DryShips' CEO Discusses Q4 2012 Results - Earnings Call Transcript

| About: DryShips Inc. (DRYS)

DryShips, Inc. (NASDAQ:DRYS)

Q4 2012 Earnings Conference Call

March 7, 2013 9:00 AM ET

Executives

George Economou – Chairman, President, and CEO

Ziad Nakhleh - Chief Financial Officer

Analysts

Michael Webber - Wells Fargo Securities

Joshua Katzeff - Deutsche Bank

Oliver Corlett - R.W. Pressprich

David Epstein - CRT Capital

Operator

Thank you for standing by, ladies and gentlemen. And welcome to the DryShips, Inc. Conference Call on the Fourth Quarter 2012 Financial Results. We have with us Mr. George Economou, Chairman and Chief Executive Officer; and Mr. Ziad Nakhleh, Chief Financial Officer of the company. At this time all participants are in a listen-only mode. (Operator Instructions) I must advise you that this conference is being recorded today on Thursday, March 7, 2013.

Matters discussed in this release may constitute forward-looking statements. Forward-looking statements reflect current views with respect to future events and financial performance, and may include statements concerning plans, objectives, goals, strategies, future events or performance, and underlying assumptions and other statements, which are other than statements of historical facts.

Please take a moment to read the Safe Harbor statement on page two of the slide presentation. Risks and uncertainties are further described in the report filed by DryShips with the U.S. Securities and Exchange Commission.

And now I'll pass the floor to Mr. Nakhleh. Please go ahead, sir.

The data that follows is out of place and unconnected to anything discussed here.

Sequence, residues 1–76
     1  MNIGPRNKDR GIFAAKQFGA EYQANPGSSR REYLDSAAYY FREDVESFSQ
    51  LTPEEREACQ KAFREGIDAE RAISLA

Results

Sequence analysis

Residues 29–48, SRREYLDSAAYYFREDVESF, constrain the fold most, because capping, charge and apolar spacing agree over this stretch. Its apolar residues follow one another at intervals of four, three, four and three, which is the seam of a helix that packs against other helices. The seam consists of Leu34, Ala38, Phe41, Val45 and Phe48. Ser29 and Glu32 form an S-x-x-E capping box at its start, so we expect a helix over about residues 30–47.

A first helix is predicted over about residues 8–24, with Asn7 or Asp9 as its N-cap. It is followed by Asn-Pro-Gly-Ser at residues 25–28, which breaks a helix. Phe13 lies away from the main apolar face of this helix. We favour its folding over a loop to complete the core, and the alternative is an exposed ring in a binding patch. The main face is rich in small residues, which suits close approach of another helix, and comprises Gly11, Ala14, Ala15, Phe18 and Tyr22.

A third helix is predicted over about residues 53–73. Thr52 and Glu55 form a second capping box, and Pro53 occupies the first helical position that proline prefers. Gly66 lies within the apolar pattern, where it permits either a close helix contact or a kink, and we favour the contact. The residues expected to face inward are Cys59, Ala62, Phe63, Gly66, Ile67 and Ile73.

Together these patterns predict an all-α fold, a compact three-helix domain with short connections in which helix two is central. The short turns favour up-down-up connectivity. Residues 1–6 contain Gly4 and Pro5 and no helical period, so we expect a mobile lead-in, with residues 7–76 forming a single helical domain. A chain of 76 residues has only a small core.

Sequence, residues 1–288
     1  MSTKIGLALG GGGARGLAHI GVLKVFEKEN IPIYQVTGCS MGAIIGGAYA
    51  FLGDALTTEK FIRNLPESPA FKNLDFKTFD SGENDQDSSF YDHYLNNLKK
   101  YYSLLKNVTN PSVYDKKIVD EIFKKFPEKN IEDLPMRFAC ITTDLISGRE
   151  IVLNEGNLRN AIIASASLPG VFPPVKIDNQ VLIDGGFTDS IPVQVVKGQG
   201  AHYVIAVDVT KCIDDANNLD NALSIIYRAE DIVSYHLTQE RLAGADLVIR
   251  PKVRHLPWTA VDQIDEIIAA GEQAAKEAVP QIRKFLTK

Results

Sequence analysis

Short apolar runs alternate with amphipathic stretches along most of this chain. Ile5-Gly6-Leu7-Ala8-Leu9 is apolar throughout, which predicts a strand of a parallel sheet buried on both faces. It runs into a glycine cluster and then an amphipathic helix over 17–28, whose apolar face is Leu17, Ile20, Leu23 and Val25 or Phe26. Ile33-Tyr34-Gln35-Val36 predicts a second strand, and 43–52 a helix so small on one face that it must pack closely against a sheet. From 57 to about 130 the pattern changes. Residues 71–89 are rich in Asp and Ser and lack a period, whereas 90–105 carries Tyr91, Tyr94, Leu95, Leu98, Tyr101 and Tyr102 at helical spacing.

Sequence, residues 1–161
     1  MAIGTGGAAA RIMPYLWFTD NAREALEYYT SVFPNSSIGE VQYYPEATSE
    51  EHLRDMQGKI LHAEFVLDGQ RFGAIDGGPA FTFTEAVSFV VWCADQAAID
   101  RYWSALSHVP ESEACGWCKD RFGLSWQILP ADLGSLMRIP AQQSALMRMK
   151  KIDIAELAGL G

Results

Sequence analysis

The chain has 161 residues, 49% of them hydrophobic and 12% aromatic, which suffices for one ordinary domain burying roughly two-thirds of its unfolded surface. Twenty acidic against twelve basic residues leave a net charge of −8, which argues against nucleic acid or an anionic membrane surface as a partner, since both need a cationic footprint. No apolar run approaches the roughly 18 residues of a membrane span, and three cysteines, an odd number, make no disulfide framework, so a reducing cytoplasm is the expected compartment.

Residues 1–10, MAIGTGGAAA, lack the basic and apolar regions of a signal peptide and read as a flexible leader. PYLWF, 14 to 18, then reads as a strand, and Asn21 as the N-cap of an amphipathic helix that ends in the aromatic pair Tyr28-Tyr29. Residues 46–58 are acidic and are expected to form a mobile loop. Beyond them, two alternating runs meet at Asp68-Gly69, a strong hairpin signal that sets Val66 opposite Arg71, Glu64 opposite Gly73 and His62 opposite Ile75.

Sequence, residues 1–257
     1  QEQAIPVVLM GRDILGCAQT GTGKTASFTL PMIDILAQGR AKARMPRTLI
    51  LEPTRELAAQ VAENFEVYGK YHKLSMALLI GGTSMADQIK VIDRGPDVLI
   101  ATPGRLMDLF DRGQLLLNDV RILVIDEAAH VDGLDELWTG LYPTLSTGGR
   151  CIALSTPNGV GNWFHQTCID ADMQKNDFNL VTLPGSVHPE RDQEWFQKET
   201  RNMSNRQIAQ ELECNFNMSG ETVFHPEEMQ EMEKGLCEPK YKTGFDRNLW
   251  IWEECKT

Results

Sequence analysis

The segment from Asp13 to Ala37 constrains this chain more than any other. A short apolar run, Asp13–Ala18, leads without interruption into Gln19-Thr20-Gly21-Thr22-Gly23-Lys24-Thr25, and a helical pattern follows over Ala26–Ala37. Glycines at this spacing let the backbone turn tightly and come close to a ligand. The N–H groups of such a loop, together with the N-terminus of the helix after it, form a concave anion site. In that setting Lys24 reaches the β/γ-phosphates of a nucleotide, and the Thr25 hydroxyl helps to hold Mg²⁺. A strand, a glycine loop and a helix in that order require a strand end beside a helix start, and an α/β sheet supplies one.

Ziad Nakhleh

Okay. Good morning and good afternoon, everyone. For the fourth quarter of 2012, DryShips posted a U.S. GAAP net loss of $129.8 million or $0.34 per share, which includes class survey cost for the Eirik Raude of $43.9 million and loss on the sale of our tankers the Esperona and Blanca of $41.3 million.

For fiscal year 2012, our group reported revenues of $1.2 billion, adjusted EBITDA of $500 million and generated cash from operating activities of close to a quarter of $1 million -- of $1 billion.

Another notable statistic is that our group repaid bank debt of $867.9 million during the year. One may compare the statistics to those of our competitors who have either restructured debt or filed for bankruptcy at this period.

For the remainder of this presentation, we'll be primarily focusing on our shipping segments' operations. For additional information on our drilling segment, please refer to Ocean Rig's fourth quarter presentation available on www.oceanrig.com.

Slide five, in 2012 our shipping corporation were profit and cash negative. On one hand we had above market charters in the Drybulk segment and the other all our tankers and a large number of our bulkers were earning spot rates which were well below our cash break-even levels. For 2012 our average ECA levels were $13.5000 for our tankers and $15.9000 for our bulkers.

On this -- on slide six, we presented our 2013 fleet capacity and revenue profile for both our Tanker and Drybulk segments. The major assumption on this slide is that we will take delivery of all our remaining Drybulk newbuildings on order.